Curtain Call: Love of performing drives Wendy Tippens

Curtain Call: Love of performing drives Wendy Tippens

October 25th, 2012 by Barry Courter in Life Entertainment

Actress/entertainer Wendy Tippens is shown in her Love Van, a 1997 Nissan Quest that she has decorated with colorful tiles, glass, beads, stones, found objects and paint. It has become her passion, and she takes it to shows around the country.

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Wendy Tippens

Age: 50.

Hometown: Rossvile, Ga.

Education: Rossville High School, Chattanooga State and UTC.

Family: Husband, Jeff; daughter, Olivia Tippens; son, Cody Cowen.

Vocation: Artist/entertainer.

Wendy Tippens has some vivid memories of events that led her to the stage. One that showcases both her love for theater and comedy was performing in plays at Rossville High School.

"You have not lived until you've seen a Rossville school production, circa 1978 or '79, especially a Greek tragedy," she said.

The dialogue might have been more than a little "Southernized," but Tippens said she learned a lot doing those plays.

"Our teacher, Jeanne Dunn, would say, 'I don't care if a herd of elephants comes through the auditorium, you keep going and make sure the back wall can hear you. I've never had a problem being heard.

"Once I performed to that high school crowd, doing stand-up was nothing."

Tippens has been performing ever since, though with a few years' breaks during and after college. She got back into it after her father, who she said is her biggest fan, asked to videotape her performing a cast of characters she'd created over the years. It was intended to be a one-time thing, but out of it came Big Bette, a 50-year-old "country and western musical extravaganza. She's been married 13 times and is looking for No. 14 because hope springs eternal."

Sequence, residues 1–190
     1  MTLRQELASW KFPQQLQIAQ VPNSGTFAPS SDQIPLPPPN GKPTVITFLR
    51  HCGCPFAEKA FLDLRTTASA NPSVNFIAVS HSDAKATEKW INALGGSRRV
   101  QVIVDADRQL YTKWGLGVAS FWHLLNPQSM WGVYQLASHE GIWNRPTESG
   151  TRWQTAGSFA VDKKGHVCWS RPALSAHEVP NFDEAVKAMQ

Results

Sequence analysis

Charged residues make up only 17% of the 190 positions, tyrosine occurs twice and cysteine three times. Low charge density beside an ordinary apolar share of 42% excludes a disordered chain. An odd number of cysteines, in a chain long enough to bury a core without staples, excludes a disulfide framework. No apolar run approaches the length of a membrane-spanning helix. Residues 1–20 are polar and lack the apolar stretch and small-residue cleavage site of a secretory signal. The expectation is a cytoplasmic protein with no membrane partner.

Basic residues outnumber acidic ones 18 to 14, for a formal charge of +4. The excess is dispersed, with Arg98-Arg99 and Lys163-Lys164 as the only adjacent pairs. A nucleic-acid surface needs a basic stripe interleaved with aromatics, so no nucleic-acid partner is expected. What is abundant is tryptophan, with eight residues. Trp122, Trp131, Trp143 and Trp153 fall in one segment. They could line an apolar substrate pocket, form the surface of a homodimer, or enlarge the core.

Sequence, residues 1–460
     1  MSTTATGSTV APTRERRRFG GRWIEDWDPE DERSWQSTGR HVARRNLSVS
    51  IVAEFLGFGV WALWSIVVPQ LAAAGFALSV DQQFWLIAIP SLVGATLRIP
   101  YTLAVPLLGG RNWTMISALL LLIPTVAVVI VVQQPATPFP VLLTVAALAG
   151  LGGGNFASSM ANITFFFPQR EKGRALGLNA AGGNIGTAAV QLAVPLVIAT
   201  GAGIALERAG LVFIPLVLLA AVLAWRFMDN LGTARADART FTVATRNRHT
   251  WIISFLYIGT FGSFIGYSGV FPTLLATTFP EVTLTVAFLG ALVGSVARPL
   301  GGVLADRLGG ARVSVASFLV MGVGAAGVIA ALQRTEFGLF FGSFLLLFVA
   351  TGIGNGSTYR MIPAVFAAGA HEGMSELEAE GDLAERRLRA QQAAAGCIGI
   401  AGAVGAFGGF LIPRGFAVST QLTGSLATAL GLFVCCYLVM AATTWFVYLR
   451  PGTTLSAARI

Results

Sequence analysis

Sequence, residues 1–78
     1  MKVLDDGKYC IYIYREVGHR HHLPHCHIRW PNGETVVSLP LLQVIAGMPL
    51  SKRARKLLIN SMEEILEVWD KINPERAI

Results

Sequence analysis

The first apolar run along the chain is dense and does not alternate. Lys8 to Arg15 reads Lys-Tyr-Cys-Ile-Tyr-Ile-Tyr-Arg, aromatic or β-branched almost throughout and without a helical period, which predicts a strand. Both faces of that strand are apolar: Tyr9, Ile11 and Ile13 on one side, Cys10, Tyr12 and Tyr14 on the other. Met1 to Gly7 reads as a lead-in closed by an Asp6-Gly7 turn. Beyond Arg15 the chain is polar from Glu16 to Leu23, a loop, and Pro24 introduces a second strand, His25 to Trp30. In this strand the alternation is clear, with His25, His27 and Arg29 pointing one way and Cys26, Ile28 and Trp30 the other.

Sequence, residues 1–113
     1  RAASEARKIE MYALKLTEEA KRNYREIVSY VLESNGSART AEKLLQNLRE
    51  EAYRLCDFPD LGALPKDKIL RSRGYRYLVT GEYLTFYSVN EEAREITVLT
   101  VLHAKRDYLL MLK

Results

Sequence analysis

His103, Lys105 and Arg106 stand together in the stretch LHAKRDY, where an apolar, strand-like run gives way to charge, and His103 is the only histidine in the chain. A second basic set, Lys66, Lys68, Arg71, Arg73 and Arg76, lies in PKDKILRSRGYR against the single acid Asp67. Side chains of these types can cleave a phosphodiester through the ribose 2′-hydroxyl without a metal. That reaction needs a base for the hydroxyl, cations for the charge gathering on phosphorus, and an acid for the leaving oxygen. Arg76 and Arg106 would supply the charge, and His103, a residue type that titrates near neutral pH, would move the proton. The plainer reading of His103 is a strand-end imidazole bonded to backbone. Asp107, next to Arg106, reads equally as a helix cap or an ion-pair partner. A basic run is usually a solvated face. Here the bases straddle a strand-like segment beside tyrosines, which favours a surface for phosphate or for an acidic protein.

Tippens has performed Big Bette onstage and at parties and special events for nearly 15 years.

It was Tippens' father who introduced her to the stage.

"I was 14," she said. "He came to me on a Sunday with a newspaper article or ad and said, 'You should do this.' I grew up watching Carol Burnett and H.R. Pufnstuf and all the Sid and Marty Krofft shows. I could do a pretty good British accent, and then I learned some others."

Her father took her to an audition at the old Chattanooga Little Theatre, and Tippens said she was hooked as soon as she walked through the doors.

At 23, she signed up for the Funniest Person in America contest. Though she did well, the experience terrified her. The first one was held at Yesterday's, and if the crowd didn't like you, they simply talked over you, she said.

The next year it was held at a club on Brainerd Road, and the crowd was a bit rowdier.

"It was a double-decker, and they were three deep," she said. "If they didn't like you, they wadded up beer cups and threw them and yelled at you. I did well and made it to the finals, but I had to do blue material, and I didn't like it."

That experience pushed her toward acting, where she could take on a different personality altogether.

"It didn't scare me at all. You memorize the lines and act, and you are someone else."

Her big break came when Anita Ricketts, then owner of the Back Stage Playhouse, gave her six weeks to do a one-woman show featuring Big Bette and a cast of characters with names like Madame Irene, Doctor Yolanda Greenwood and Martha Crouch.

She mostly does Big Bette these days. She said she tailors the material to the audience and works hard to keep the jokes, and the songs she performs, current.

"When Clinton was in office, I had a song called 'I Wish I Was Married to the President' sung to 'Rocky Top.' When he went out of office, it was heartbreaking because that song went with him."

Big Bette affords her a chance to say and sing just about anything, she said.

"I can tailor it to the audience," she said. "I did a class of 1968 reunion and a wedding recently. I did a show in Atlanta the other day, and I was told it was a retirement assisted-living place, but it was a place for retirees with Alzheimer's. Big difference."

You can see several Big Bette videos, including a "How To Speak Southern" series, on YouTube.

Contact Barry Courter at bcourter@timesfreepress.com or 423-757-6354.